January 12, 2013

Mayor Emanuel and City of Chicago Commemorate Dr. Martin Luther King Jr.'s Birthday Week

Buildings Will Be Lit Blue from January 13-20 to Honor Dr. King

Mayor's Press Office    312.744.3334

Today Mayor Emanuel joined the Building Owners and Managers Association of Chicago (BOMA) and Father Michael Pfleger, pastor of St. Sabina's Parish, to announce a City-wide initiative to light downtown buildings blue in honor of Dr. Martin Luther King, Jr.’s birthday.

“I am proud that Chicago will be lighting our buildings blue to honor the legacy of Dr. Martin Luther King, Jr., as our city and our nation marks the 50th anniversary of Dr. King’s march on Washington and the 150th anniversary of Abraham Lincoln’s signing of the Emancipation Proclamation,” said Mayor Rahm Emanuel.  “For over 50 years, Chicago has been the great crucible of the civil rights movement and this special gesture will symbolize our city’s determination to carry on Dr. King’s work by expanding civil rights to all people, providing equal education to all our children, and ensuring the safety of every resident.”

This initiative, now in its third year, was spearheaded by Father Pfleger to symbolize peace and unite the City.

“The practice of lighting up downtown buildings with a particular color to emphasize an issue has been very successful in bringing attention and conversation to important issues facing our City,” said Father Michael Pfleger.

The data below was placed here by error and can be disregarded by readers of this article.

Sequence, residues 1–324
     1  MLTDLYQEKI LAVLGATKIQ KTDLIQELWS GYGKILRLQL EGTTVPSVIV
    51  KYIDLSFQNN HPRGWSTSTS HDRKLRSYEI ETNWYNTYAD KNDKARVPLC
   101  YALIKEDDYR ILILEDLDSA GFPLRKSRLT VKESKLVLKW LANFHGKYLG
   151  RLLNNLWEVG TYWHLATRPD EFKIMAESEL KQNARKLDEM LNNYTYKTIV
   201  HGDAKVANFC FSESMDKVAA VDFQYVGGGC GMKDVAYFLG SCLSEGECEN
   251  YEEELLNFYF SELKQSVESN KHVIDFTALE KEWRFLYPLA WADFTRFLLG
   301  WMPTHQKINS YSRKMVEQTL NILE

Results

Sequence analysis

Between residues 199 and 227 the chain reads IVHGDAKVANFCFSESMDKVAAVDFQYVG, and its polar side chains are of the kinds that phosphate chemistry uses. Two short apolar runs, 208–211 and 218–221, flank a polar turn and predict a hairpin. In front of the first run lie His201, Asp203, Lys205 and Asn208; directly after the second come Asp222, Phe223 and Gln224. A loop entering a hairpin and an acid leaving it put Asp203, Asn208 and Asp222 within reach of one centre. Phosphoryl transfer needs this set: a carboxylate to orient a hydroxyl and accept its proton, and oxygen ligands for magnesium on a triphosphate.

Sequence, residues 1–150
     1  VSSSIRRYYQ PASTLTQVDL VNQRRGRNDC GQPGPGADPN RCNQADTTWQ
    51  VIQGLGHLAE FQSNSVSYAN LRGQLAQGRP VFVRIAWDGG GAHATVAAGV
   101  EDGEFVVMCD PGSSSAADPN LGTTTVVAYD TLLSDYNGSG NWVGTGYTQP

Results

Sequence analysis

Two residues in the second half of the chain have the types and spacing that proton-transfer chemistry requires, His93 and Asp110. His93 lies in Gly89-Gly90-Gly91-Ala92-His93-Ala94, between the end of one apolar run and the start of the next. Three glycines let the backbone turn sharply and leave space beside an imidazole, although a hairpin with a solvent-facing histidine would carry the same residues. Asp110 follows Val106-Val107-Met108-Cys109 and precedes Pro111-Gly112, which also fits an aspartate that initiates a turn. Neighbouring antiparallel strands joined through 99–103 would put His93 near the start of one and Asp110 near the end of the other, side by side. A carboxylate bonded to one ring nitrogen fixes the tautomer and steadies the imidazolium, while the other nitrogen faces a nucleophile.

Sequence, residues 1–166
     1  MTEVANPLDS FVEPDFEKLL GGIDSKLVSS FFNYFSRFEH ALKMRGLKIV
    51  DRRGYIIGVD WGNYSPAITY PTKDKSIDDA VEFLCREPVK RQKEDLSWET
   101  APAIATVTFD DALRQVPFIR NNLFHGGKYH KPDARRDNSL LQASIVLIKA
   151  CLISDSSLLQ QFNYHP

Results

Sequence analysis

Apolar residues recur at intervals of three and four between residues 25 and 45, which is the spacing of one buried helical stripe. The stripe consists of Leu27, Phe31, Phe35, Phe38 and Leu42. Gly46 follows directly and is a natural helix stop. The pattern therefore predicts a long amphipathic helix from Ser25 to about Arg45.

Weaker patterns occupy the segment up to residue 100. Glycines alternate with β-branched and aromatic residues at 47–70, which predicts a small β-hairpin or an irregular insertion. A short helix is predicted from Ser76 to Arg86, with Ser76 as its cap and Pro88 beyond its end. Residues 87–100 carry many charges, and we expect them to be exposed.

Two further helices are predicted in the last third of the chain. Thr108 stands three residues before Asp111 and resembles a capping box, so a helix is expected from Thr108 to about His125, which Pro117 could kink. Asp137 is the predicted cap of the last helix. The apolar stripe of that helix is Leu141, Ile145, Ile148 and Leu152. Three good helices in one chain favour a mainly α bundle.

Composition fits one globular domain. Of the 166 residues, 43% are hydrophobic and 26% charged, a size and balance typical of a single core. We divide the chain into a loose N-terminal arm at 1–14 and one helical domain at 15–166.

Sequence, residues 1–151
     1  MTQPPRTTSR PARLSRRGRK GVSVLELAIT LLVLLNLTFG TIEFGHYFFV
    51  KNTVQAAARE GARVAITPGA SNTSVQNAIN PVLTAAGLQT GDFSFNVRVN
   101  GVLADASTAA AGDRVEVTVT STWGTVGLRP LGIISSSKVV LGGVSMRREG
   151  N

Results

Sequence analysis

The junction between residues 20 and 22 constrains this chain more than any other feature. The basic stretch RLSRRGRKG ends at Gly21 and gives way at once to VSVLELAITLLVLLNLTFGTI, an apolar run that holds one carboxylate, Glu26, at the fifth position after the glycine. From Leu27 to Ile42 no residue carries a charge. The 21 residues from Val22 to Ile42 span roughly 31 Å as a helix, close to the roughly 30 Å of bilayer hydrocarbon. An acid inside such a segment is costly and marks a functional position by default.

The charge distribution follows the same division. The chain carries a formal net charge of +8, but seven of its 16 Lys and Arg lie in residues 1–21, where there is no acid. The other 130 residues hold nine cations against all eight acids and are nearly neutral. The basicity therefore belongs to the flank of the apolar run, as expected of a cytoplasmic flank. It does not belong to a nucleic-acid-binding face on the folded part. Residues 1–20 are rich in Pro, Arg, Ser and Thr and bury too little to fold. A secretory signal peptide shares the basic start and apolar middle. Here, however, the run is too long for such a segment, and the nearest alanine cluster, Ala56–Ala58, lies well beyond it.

To help commemorate the life of Reverend Dr. Martin Luther King, Jr. Mayor Rahm Emanuel and the City of Chicago will honor Congressman John Lewis (D-GA) as keynote speaker to at the 27th Annual Interfaith Breakfast on Friday, January 18, 2013.

Each year the City of Chicago hosts this ceremony and breakfast to reflect on the accomplishments of Dr. Martin Luther King, Jr. and acknowledge his impact on American history.

This year's keynote speaker, Congressman Lewis, is an American hero who has dedicated his life to protecting human rights and civil liberties.  As a young man, he marched alongside Dr. King and was nationally recognized as a leader in the Civil Rights Movement of the 1960’s.  He has often been described as “one of the most courageous persons the Civil Rights Movement” and has been called “the conscience of the U.S. Congress.”  Congressman Lewis has remained constant as a champion of progressive social movements and the struggle for human rights in the United States.

Dr. King’s life work represented a steadfast commitment to ensuring and advancing equality for all people. As a man of vision, he challenged Americans to fully embrace the core values of our nation’s constitution–freedom, liberty and justice–and worked tirelessly to awaken the conscience of the country.

For more information regarding the Dr. Martin Luther King, Jr. Interfaith Breakfast please contact the Department of Cultural Affairs and Special Events at 312.744.3316.